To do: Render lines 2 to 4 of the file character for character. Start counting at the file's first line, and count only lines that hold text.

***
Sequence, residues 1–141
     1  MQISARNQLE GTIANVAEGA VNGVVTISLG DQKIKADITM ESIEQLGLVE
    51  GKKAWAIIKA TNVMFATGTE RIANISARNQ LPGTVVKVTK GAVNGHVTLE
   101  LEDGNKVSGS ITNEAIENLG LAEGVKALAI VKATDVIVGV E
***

     1  MQISARNQLE GTIANVAEGA VNGVVTISLG DQKIKADITM ESIEQLGLVE
    51  GKKAWAIIKA TNVMFATGTE RIANISARNQ LPGTVVKVTK GAVNGHVTLE
   101  LEDGNKVSGS ITNEAIENLG LAEGVKALAI VKATDVIVGV E